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Alien Planet [DVD] [2005] [Region 1] [US Import] [NTSC]

3.6 out of 5 stars 5 customer reviews

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Region 1 encoding. (This DVD will not play on most DVD players sold in the UK [Region 2]. This item requires a region specific or multi-region DVD player and compatible TV. More about DVD formats)
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Product details

  • Format: NTSC
  • Language: English
  • Region: Region 1 (US and Canada DVD formats.)
  • Aspect Ratio: 16:9 - 1.78:1
  • Number of discs: 1
  • Classification: NR (Not Rated) (US MPAA rating. See details.)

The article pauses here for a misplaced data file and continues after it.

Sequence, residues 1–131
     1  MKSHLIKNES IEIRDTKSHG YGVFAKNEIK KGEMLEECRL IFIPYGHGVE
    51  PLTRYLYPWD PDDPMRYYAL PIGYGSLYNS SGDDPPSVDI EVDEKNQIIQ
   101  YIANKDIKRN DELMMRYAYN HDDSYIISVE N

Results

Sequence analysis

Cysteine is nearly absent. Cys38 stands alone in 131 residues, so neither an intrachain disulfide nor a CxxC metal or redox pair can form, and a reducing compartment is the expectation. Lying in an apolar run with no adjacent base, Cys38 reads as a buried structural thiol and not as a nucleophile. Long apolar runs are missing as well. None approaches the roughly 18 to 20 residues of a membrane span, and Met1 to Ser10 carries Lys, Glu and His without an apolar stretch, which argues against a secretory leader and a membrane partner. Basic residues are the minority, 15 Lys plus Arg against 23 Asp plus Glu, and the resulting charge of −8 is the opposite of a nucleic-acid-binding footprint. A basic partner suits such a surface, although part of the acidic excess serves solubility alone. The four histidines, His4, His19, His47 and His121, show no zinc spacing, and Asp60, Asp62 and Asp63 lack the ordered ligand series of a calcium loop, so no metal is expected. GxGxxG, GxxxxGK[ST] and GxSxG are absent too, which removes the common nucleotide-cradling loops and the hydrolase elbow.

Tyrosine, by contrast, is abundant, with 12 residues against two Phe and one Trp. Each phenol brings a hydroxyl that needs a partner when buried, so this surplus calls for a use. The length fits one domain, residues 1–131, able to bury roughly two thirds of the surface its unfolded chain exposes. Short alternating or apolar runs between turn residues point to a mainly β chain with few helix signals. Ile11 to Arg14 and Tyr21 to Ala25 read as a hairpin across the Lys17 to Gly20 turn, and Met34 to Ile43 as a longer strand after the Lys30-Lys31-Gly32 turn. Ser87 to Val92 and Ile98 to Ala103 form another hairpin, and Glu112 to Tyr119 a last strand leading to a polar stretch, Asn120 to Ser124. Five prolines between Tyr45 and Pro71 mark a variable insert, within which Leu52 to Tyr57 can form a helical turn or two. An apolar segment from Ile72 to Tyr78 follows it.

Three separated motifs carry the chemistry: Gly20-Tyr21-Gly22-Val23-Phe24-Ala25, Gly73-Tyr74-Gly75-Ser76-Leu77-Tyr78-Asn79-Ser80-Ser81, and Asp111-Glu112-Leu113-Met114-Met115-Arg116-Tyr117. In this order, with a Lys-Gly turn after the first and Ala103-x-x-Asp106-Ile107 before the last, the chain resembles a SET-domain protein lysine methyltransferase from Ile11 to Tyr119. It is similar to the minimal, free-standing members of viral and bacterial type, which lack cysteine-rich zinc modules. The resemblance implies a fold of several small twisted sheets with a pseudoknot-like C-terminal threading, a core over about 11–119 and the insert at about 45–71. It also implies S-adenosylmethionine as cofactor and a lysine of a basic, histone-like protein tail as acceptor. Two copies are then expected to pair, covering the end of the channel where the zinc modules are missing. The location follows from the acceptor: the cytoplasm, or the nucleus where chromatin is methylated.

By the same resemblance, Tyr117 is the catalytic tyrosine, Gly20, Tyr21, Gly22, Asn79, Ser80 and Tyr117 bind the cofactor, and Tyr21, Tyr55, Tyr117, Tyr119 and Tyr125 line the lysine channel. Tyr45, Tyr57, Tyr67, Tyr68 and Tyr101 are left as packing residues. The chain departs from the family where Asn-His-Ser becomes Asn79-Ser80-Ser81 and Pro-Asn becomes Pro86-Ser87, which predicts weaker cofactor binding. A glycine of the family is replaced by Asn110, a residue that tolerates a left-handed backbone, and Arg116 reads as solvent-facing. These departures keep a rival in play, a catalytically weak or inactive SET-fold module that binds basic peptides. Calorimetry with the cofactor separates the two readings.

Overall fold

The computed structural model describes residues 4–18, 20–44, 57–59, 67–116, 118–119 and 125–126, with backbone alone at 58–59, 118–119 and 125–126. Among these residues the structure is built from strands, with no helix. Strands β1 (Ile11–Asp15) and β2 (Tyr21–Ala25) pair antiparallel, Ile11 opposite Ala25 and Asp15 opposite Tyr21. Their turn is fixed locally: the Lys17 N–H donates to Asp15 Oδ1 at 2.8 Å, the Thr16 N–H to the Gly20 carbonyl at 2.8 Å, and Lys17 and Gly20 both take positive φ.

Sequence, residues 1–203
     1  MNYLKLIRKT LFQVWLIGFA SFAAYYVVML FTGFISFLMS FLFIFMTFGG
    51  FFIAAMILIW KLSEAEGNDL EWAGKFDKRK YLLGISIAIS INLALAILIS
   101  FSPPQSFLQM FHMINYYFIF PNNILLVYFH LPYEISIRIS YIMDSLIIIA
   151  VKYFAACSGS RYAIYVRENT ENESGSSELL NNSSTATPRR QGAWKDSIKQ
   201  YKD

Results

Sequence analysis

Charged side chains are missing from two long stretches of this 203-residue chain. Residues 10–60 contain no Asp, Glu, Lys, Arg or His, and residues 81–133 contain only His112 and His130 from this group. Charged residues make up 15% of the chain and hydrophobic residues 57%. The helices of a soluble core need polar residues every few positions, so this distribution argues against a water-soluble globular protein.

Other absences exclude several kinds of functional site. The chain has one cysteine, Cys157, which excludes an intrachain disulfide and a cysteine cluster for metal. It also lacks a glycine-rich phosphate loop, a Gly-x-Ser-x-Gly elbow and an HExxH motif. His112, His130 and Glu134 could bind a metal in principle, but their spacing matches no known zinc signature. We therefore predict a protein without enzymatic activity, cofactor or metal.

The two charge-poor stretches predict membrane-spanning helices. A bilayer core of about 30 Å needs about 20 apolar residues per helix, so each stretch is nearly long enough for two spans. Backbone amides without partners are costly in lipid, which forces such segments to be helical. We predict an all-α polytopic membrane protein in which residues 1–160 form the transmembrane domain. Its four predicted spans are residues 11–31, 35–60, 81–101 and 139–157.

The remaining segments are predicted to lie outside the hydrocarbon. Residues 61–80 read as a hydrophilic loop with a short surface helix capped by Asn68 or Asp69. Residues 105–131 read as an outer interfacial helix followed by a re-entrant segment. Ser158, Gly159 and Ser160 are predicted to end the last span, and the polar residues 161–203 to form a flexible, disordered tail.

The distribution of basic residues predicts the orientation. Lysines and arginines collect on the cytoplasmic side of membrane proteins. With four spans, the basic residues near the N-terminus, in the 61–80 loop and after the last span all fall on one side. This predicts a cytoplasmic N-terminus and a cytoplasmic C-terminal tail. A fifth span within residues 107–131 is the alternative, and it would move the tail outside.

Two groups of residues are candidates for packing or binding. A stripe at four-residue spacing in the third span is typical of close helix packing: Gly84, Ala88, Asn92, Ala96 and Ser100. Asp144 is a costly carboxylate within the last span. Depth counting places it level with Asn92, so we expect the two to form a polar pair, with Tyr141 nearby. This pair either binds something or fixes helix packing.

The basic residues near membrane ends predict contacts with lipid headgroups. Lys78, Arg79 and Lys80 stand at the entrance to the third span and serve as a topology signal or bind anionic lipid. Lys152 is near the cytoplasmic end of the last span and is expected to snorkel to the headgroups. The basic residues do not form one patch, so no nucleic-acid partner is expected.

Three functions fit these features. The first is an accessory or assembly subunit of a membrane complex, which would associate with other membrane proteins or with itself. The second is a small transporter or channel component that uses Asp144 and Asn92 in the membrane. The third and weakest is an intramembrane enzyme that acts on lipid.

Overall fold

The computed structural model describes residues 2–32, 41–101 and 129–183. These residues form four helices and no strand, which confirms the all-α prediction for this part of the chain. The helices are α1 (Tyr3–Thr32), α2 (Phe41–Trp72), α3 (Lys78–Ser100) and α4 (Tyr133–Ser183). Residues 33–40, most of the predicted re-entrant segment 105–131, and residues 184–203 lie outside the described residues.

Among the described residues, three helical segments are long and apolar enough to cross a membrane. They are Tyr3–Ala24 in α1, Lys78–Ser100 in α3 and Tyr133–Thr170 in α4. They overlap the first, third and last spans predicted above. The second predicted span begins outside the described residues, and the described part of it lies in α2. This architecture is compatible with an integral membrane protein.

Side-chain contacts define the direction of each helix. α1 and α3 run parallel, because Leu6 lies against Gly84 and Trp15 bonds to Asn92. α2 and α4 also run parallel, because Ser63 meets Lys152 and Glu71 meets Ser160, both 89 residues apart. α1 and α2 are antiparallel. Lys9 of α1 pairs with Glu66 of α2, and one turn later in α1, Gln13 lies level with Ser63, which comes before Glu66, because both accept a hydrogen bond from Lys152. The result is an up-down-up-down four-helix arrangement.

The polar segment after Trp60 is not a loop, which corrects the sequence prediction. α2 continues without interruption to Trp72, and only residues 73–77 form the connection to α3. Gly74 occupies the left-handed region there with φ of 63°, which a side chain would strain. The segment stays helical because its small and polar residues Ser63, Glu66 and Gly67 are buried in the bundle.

• Average Customer Review: 3.6 out of 5 stars  See all reviews (5 customer reviews)
  • ASIN: B002C39T2I
  • Amazon Bestsellers Rank: 137,864 in DVD & Blu-ray (See Top 100 in DVD & Blu-ray)

Customer Reviews

3.6 out of 5 stars
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Top Customer Reviews

Format: DVD Verified Purchase
I liked a lot this 2005 Discovery Channel production, which for me is in fact a SF film disguised as a "docufiction". Below, more of my impressions, with some limited SPOILERS.

This is the story of robotic probes send by humanity to explore the exoplanet Darwin IV, situated 6,5 light years from Earth. An interstellar robotic spacecraft named Von Braun, traveling at 20% the speed of light (37,000 miles/s), reaches Darwin IV in 42 years. Upon reaching orbit, it deploys the Darwin Reconnaissance Orbiter, which looks for potential landing sites for the probes Balboa, Leonardo da Vinci (nicknamed Leo) and Isaac Newton (nicknamed Ike). We land on the surface very quickly after the beginning of the film and for most of 94 minutes we explore Darwin IV - and meet its indeed very alien fauna, flora, climate and landscapes.